I'll perhaps use Dr Bronners next time. The dish soap seems like it was the problem but it could have been a combination of the garage 'scene' and the soapy solution.

On another note, the snow is almost all gone from the garden beds. The weather is supposed to be in the high 40's and maybe low 50's this week with overnight temps around 40. That is a good thing! I might even start letting those babies hang out outside... :D
wildflower

wildflower
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Ooops....dear Kisal.....I forgot to thank you for coming to my rescue!
wildflower

Zalliski
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Re:

rainbowgardener wrote:Interesting... I hadn't heard of this product before. Mixture of sesame oil and fish oil with lecithin for an emulsifier. Sounds pretty totally non-poisonous and safe to use. If it bothers plants, it is probably by clogging up the leaf pores, making it hard for the leaves to "breathe." So yes, spraying it off (I'm guessing) would help, if it hasn't been on there too long.

They say it smells pretty strong of fish. I can't use anything like that, because it drives the outdoor cats crazy and they tear up/ dig up the plant, trying to get to the fish they know must be there.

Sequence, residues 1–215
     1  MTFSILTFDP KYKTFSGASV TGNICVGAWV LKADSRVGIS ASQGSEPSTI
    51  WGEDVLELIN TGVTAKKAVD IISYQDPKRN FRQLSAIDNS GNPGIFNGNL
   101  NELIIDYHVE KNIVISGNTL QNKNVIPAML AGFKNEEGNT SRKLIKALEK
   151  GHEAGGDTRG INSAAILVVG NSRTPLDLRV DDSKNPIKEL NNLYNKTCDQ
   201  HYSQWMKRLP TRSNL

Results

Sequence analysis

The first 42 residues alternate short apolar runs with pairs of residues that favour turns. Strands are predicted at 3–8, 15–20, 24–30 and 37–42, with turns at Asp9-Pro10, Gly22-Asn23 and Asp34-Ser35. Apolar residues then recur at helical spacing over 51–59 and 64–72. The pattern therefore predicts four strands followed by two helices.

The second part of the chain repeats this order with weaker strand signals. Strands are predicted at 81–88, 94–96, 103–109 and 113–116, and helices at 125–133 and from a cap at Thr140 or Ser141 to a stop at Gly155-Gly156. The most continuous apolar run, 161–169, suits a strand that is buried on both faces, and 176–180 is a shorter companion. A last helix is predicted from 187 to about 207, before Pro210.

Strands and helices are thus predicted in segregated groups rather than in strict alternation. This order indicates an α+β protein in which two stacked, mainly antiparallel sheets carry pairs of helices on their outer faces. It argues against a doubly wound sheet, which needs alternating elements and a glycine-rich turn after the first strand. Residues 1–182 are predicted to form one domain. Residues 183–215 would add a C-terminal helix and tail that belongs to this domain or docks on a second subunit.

I started using this product this season after someone at my local greenhouse suggested spinosad. When I realized that spinosad kills bees (says so on the label) I opted for something else and found Organocide. It smells awful but I've had no problem with it so far, even on my arugula, and lettuce. The label says that it's safe to use, and the ingredients seem alright but I'm new to gardening. Is this stuff actually 'safe' to use? Can anyone help?

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rainbowgardener
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Re: Organocide - Dumb Mistake

Well, any oil can kill insects, including bees, if sprayed directly on them, especially in high concentration. It clogs up their spiracles (breathing passages).

If you avoid spraying when bees are around, should be fine.